Renegades: Origins Audiobook Is Now Live!

Renegades: Origins is now live as an audiobook on Amazon, Itunes, and Audible.

In times of chaos, there are those who fight for money, for power, or just to survive. In feudal Japan they were ronin. In the US post-Civil War, they were desperadoes or hired guns. In the chaotic times of the collapse of human civilization, they are men, women, and aliens without shelter or succor. When no one else will take a stand, they stand for themselves. They are deserters, murderers, pirates, and worse; they are the Renegades.

Renegades: Origins contains the novellas Deserter’s Redemption, The Gentle One, Declaration, Ghost Story, and A Murder of Crowes. It also contains six short stories: “Research Notes”, “Runner”, “Fool’s Gold”, “System Failure”, “Dishonored”, and “Crossed Stars”.

Available at Audible.com here.

Available at Amazon here.

 

50 Shades of Polychrome

PolychromePolychrome by Ryk Spoor is now live, you can read the review from Capitol Cat Editing below and follow this link to find it on Amazon.

Kal Spriggs

This is a guest blog from Amanda at Capitol Cat Editing in for Kal this week.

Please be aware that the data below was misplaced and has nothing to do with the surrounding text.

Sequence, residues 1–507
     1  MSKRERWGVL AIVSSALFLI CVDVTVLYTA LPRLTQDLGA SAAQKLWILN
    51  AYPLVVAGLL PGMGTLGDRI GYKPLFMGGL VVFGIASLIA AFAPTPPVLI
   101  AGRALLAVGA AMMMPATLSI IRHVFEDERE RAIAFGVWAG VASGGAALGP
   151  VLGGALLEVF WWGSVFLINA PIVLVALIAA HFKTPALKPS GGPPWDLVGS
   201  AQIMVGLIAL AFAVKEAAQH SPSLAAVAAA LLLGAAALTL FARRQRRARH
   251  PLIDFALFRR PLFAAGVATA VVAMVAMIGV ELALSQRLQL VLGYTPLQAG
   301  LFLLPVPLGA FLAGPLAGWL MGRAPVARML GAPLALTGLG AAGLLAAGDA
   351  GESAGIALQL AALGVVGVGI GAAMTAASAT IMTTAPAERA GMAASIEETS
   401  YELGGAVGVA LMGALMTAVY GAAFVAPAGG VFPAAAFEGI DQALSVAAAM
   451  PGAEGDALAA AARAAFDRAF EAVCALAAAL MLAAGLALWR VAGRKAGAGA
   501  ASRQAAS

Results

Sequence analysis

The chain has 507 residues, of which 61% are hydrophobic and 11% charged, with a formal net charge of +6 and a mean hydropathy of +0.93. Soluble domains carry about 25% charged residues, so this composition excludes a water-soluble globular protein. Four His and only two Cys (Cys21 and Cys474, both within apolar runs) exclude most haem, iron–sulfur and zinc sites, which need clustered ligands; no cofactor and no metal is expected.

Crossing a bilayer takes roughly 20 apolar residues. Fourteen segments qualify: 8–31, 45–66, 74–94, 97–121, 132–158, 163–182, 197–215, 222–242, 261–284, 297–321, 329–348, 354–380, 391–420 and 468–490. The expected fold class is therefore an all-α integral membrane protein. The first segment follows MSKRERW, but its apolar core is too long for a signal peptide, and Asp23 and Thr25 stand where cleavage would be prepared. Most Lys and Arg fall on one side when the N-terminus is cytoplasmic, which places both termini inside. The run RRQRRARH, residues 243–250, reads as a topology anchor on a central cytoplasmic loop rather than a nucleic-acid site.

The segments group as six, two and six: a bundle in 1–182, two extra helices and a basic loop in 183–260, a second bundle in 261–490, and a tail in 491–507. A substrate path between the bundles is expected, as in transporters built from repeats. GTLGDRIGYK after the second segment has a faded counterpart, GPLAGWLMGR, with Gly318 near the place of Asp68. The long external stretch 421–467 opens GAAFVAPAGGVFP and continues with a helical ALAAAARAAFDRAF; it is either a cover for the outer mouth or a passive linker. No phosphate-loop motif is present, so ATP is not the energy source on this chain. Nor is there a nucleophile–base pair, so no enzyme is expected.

My latest read has been Polychrome by Ryk E. Spoor.  This book is a combination of fantasy, fanfic, romance, and action.  The author does several things well; like capturing the rhythm and syntax style of L. Frank Baum, the imagination and magic of Oz, and paying homage to the characters Ozites have come to adore.  Spoor also references many other cult classics and will inspire many geek moments for his readers.  His vocabulary is also delightfully versatile and refreshing.  My chief complaints are more matters of opinion versus any grievous errors in plot, theme, or overall ability — with one exception: sexuality.  The theme of redemption is very well done and definitely contributed to some of the best parts of the book.

Spoor is clearly a hardcore Ozite.  He references details from most of…

View original post 564 more words

Who’s This Hugo Guy Who Made Everyone Angry?